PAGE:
Evangelicals, Jews, Catholics Intensify Push Against Gay Marriage in NY
With New York moving closer to becoming the sixth state to allow same-sex marriage, Christians and other religious groups are making one thing clear – they’re not giving up without a fight.
Evangelicals, Jews and Catholics in the state are urgently mobilizing their communities to bring a stop to the legalization of gay marriage. Senators’ offices are being inundated with calls with the Senate expected to vote on the Marriage Equality Act Friday.
“There is a reason marriage is between a man and a woman. Mothers and fathers both contribute something unique to the rearing of children,” said the Rev. Jason McGuire, a Baptist minister and executive director of New Yorkers for Constitutional Freedom.
McGuire said he believes the grassroots campaign is gaining traction among the thousands of evangelical churches in New York though they had little time to mobilize.
“This bill came out of nowhere during Holy Week and it surprised a lot of people,” he said. “Because time was short, we opted for a political, rather than educational approach.”
He also pointed out the irony of the bill’s timing. “It's interesting that the bill came forward right after Mother's Day, and is near a vote as Father's Day approaches. Society sets aside those days because society recognizes that mothers, fathers and marriage are important."
New York Assemblyman Daniel O’Donnell, who is openly gay, introduced the Marriage Equality Act in May, citing increasing support for gay marriage since 2009, when the state Senate defeated a similar bill by a wide margin.
Governor Andrew Cuomo proposed his bill this week after aggressively lobbying Democratic and Republican lawmakers to vote for the measure.
The Marriage Equality Act grants same-sex couples equal status under the law as well as the same rights, benefits and protections that married couples of the opposite sex receive.
Several senators on both sides of the political aisle have changed their votes from "No" to "Yes" since the issue was raised two years ago. This week, Republican Senators Sen. James S. Alesi and Roy J. McDonald announced that they would join 29 Democrats in supporting the bill. The measure needs 32 votes for approval.
McGuire commented on the political risks of a change of heart. “They may feel that some will look upon them in a newly favorable light, but losing the Conservative ballot line, and potentially being primaried, are very real political dangers in a state where the Republican Party is already weak."
Also placing pressure on senators to vote against the bill, Agudath Israel of New York, an organization representing Orthodox Jews, has distributed letters contending that the bill can potentially infringe on some citizens’ rights.
“If the bill becomes law, religious organizations and institutions that oppose same-sex marriage could be subject to legal attacks and severe penalties. Individuals (and the small businesses they own) that conscientiously object to same-gender marriage could also be labeled as unlawful ‘discriminators’ under state law and thus face lawsuits as well as a range of penalties,” the letter, which was drafted by several law professors, states.
Rabbi Avi Shafran, director of Public Affairs, maintains that elevating same-sex unions to the status of “marriage” would convey an unmistakable message that the state not only sanctions but endorses homosexual activity. At least one undecided senator reportedly expressed concern with the bill after receiving the Jewish organization’s letter.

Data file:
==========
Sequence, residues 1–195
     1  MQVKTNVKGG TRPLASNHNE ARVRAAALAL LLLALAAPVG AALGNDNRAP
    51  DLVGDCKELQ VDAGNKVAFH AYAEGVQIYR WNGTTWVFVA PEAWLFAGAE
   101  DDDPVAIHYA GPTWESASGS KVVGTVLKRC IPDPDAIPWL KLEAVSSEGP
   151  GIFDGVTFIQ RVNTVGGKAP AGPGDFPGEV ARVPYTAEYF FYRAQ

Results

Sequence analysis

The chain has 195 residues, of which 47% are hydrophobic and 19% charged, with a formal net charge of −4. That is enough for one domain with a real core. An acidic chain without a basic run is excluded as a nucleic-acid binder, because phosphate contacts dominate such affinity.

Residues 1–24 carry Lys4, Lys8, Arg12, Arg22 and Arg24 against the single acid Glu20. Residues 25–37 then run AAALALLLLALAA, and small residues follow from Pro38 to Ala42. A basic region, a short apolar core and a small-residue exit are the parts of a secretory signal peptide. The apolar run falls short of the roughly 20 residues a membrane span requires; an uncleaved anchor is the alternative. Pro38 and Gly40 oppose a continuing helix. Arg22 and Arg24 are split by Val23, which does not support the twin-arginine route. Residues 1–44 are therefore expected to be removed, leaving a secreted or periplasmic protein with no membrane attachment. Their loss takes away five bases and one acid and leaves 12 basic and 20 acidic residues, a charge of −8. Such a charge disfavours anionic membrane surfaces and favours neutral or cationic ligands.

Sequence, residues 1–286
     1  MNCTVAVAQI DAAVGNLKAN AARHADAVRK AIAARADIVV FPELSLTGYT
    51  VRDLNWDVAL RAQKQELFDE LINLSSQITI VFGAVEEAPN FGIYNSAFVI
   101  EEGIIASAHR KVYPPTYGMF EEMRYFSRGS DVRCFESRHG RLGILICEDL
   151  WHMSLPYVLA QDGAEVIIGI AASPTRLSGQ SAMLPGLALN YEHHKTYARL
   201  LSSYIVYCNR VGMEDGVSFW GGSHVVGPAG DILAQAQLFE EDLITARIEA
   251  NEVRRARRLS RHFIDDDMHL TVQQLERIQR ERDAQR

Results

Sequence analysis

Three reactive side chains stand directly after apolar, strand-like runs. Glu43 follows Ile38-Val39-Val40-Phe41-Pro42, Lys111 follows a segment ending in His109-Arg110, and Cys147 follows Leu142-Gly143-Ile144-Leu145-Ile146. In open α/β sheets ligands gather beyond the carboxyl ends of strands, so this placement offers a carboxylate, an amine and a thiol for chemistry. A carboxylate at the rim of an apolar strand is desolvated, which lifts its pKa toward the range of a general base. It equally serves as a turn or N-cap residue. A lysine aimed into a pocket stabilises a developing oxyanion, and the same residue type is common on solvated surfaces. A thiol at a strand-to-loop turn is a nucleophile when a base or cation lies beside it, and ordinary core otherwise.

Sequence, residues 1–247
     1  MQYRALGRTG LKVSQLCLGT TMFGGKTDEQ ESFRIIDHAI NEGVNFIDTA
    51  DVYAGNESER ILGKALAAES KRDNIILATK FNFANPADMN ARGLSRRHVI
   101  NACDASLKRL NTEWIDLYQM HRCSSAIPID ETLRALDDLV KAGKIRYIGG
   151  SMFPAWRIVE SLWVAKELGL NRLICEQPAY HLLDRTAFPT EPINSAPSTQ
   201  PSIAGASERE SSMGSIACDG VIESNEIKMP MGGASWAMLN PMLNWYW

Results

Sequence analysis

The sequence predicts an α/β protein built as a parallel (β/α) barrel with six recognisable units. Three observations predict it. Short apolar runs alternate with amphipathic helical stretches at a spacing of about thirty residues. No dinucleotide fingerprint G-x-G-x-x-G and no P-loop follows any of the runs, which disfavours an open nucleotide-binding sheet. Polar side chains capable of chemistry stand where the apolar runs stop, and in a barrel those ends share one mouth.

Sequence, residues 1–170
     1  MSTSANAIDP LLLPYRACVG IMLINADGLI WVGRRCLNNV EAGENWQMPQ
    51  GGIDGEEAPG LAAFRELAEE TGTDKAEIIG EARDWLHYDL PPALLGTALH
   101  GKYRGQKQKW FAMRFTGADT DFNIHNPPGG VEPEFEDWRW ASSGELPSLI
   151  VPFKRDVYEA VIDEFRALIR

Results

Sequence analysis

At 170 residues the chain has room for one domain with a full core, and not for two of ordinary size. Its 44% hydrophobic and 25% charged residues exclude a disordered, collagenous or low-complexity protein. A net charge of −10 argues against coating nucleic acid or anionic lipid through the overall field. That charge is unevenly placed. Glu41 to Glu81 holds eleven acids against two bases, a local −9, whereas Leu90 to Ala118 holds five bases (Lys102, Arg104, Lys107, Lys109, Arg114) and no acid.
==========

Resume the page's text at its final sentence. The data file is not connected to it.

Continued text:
Perhaps the most visible group trying to protect traditional marriage are the Catholics. Dennis Poust, communications director for the New York State Catholic Conference, said the Catholic Advocate Network, with 65,000 members, has been e-mailing and calling their senators and assemblymen for weeks and that their efforts have indeed stepped up this week.
Poust argues that marriage has always been defined as between a man and a woman and the government doesn’t have the authority to redefine the institution.
“Back in 2006, the Appeals Court, which is New York's highest court, held that there is no right to same-sex marriage in the New York state Constitution," he recalled. So anyone saying that a "No" vote denies a person their rights is misinformed.
"Marriage is a regulated privilege, and always has been. It is not a right," he opined.
He also feels that there is an anti-religious, anti-Catholic animus among some proponents of the bill. "There is an agenda afoot to silence the voice of religion in this state," he stated. “For example, by forcing Catholic charities to give up their adoption and foster care ministries."
Asked for some evidence of this agenda, he pointed to a recently passed law that forces Catholic organizations to pay for prescription contraception for employees, though such contraception is theologically unacceptable. A new bill currently being debated would potentially revoke the licenses of Catholic hospitals if they do not perform abortions.
Poust is also concerned about the lack of adequate religious liberty protections in the proposed law.
The measure includes provisions that exempt religious institutions and clergy from solemnizing a same-sex marriage or from providing their facilities for such ceremonies. But religious leaders don’t believe the provisions are sufficient.
Senate Republicans remain undecided on whether to allow a vote the gay marriage bill, though it is expected to take place this week before the legislative session ends on June 20.
Religious groups and family organizations, including the National Organization for Marriage, are urging followers not to stop their efforts to protect traditional marriage.